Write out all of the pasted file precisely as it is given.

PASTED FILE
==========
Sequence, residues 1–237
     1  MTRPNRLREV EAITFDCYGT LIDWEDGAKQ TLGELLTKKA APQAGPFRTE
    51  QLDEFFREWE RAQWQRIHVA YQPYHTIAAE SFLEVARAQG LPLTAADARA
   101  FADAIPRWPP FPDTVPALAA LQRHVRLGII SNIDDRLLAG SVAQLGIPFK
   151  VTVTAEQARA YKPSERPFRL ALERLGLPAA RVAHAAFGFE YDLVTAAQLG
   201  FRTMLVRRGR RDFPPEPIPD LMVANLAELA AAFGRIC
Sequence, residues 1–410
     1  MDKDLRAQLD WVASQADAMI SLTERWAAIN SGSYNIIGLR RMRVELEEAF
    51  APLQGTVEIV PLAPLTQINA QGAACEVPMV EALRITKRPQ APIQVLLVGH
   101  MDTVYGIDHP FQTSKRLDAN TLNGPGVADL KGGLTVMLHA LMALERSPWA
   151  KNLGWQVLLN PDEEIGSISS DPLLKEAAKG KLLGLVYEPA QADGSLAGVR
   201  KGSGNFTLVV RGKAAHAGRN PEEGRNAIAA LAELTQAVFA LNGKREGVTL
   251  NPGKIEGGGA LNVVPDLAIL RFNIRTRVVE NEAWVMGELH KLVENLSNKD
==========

Sequence, residues 1–237
     1  MTRPNRLREV EAITFDCYGT LIDWEDGAKQ TLGELLTKKA APQAGPFRTE
    51  QLDEFFREWE RAQWQRIHVA YQPYHTIAAE SFLEVARAQG LPLTAADARA
   101  FADAIPRWPP FPDTVPALAA LQRHVRLGII SNIDDRLLAG SVAQLGIPFK
   151  VTVTAEQARA YKPSERPFRL ALERLGLPAA RVAHAAFGFE YDLVTAAQLG
   201  FRTMLVRRGR RDFPPEPIPD LMVANLAELA AAFGRIC
Sequence, residues 1–410
     1  MDKDLRAQLD WVASQADAMI SLTERWAAIN SGSYNIIGLR RMRVELEEAF
    51  APLQGTVEIV PLAPLTQINA QGAACEVPMV EALRITKRPQ APIQVLLVGH
   101  MDTVYGIDHP FQTSKRLDAN TLNGPGVADL KGGLTVMLHA LMALERSPWA
   151  KNLGWQVLLN PDEEIGSISS DPLLKEAAKG KLLGLVYEPA QADGSLAGVR
   201  KGSGNFTLVV RGKAAHAGRN PEEGRNAIAA LAELTQAVFA LNGKREGVTL
   251  NPGKIEGGGA LNVVPDLAIL RFNIRTRVVE NEAWVMGELH KLVENLSNKD